Mental illness, what is depression?

A woman with a distant look in her eyes

Mental illness, what is depression?

Just recently, Kenyans lost a great comedian to alleged case of depression. This was a huge blow to the entertainment industry as no one was able to save him. This is not an isolated case, a lot of young people have been crying for help through the various social media pages, which most people find to be ridiculous. So are these cry for help genuine or it’s just attention-seeking.

Everybody has been talking about depression so what is depression? Depression is a common and serious medical illness that negatively affects how you feel, the way you think and how you act.

Depression causes feelings of sadness and/or a loss of interest in activities once enjoyed. It can lead to a variety of emotional and physical problems and can decrease a person’s ability to function at work and home.

Depression affects an estimated one in 15 adults (6.7%) in any given year. And one in six people (16.6%) will experience depression at some time in their life. Depression can strike at any time, but on average, first appears during the late teens to mid-20s.

Symptoms of depression

Depression can vary from mild to severe cases. Signs and symptoms of depression include; feeling sad, loss of interest in activities once enjoyed, change in appetite- leading to loss or gain of weight, increased levels of fatigue, feeling worthless, having trouble sleeping, harbouring suicidal thoughts and lack of concentration in anything that you set out to do.

One important thing to note is that for one to be diagnosed for depression, the symptoms must have lasted for 2 weeks or more.

Risk factors of depression

  • Biochemistry: Differences in certain chemicals in the brain may contribute to symptoms of depression.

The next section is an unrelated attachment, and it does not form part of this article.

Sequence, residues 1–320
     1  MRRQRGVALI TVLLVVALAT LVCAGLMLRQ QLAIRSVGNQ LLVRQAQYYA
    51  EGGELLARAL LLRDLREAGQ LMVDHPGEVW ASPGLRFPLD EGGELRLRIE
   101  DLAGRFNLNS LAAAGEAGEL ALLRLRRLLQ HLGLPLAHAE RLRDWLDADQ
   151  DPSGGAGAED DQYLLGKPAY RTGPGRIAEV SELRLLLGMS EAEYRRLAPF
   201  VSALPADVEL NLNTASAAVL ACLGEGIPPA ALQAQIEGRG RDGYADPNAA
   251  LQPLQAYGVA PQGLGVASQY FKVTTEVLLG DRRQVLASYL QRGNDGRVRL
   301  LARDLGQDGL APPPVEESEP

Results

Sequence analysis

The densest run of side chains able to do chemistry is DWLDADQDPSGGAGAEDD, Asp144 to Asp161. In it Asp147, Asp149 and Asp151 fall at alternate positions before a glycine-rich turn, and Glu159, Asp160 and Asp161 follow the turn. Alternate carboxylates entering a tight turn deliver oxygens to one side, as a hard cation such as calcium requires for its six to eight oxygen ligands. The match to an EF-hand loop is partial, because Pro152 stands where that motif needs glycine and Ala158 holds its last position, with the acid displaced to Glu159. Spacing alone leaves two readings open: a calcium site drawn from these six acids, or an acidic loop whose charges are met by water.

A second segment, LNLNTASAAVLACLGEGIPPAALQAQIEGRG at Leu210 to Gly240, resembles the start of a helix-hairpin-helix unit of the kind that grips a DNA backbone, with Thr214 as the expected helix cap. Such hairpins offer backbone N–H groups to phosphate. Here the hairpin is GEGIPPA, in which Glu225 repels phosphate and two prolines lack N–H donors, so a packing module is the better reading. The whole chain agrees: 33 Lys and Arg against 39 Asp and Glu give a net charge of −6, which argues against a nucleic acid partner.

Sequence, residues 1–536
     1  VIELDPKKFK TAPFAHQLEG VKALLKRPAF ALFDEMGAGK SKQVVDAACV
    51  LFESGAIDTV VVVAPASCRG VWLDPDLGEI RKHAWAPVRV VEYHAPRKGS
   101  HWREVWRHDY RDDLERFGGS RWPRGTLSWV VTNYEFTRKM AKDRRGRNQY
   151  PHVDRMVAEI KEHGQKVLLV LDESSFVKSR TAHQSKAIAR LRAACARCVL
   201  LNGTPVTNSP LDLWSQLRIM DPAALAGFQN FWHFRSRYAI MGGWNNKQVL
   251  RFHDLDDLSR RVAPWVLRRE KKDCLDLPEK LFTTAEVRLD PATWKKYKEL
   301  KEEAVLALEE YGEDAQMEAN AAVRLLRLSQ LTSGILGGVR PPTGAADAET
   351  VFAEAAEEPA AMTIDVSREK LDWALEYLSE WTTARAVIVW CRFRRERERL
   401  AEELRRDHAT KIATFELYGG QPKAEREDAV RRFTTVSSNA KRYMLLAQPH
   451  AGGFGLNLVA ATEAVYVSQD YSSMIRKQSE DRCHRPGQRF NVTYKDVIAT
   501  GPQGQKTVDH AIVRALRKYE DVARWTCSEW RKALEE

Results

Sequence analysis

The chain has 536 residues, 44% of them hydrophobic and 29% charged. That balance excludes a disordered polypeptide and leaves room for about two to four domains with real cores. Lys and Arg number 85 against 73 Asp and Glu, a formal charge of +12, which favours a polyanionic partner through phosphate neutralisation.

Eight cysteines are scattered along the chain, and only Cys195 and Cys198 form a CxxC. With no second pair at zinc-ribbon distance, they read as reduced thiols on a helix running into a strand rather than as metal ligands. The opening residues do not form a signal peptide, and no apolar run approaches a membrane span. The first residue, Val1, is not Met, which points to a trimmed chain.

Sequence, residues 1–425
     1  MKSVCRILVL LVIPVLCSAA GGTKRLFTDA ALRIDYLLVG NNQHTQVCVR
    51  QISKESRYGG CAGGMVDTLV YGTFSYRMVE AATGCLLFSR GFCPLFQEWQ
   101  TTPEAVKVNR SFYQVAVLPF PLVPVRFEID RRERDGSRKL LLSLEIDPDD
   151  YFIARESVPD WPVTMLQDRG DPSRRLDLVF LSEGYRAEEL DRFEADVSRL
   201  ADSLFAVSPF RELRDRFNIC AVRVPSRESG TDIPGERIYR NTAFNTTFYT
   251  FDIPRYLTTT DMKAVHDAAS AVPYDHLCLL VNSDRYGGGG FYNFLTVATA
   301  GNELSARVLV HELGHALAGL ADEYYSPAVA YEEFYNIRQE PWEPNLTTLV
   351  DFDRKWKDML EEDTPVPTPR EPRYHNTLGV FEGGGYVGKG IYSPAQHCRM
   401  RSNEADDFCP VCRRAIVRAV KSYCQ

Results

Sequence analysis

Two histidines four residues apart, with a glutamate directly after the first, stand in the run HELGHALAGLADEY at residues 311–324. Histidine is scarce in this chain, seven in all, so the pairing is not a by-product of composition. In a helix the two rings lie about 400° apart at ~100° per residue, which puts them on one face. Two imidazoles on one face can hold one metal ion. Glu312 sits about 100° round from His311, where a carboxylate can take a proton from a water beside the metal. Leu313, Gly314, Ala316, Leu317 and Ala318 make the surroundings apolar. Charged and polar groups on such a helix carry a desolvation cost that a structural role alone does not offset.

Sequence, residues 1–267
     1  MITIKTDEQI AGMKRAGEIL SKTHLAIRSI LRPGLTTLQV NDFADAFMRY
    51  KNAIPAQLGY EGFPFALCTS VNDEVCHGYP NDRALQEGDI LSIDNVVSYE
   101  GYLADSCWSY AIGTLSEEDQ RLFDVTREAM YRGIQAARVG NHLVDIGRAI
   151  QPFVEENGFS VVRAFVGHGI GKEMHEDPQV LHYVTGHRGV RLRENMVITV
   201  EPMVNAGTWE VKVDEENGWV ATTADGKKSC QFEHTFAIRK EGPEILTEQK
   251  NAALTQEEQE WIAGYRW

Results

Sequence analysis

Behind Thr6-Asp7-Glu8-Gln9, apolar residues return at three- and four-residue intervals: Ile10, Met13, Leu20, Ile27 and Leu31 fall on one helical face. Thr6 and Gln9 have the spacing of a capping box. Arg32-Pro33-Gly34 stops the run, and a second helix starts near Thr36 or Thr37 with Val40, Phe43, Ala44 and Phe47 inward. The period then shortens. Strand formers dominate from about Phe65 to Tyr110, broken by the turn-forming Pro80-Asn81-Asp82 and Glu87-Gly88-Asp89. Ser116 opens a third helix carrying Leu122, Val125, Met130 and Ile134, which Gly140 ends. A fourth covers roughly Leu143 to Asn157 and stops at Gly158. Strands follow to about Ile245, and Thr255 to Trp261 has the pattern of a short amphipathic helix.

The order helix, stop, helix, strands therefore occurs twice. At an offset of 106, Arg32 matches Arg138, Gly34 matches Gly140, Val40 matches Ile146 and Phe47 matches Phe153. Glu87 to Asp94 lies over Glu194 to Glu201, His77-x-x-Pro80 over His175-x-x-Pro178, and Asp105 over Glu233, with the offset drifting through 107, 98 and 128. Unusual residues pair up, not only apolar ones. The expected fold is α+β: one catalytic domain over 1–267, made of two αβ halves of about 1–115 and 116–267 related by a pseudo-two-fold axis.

• Genetics: Depression can run in families. For example, if one identical twin has depression, the other has a 70 percent chance of having the illness sometime in life.
  • Personality: People with low self-esteem, who are easily overwhelmed by stress, or who are generally pessimistic appear to be more likely to experience depression.
  • Environmental factors: Continuous exposure to violence, neglect, abuse or poverty may make some people more vulnerable to depression.

Treatment

The good news is that depression can be treated and the person to back to their normal self. The treatment can be done using any of these two methods;

Psychotherapy: Psychotherapy, or “talk therapy,” is sometimes used alone for treatment of mild depression; for moderate to severe depression, psychotherapy is often used in along with antidepressant medications.

Cognitive behavioural therapy (CBT) is effective in treating depression. CBT is a form of therapy focused on the present and problem-solving. CBT helps a person to recognize distorted thinking and then change behaviours and thinking.

Medication: Brain chemistry may contribute to an individual’s depression and may factor into their treatment. For this reason, antidepressants might be prescribed to help modify one’s brain chemistry.

Depending on the severity of the depression, treatment can take a few weeks or much longer. In many cases, significant improvement can be made in 10 to 15 sessions.

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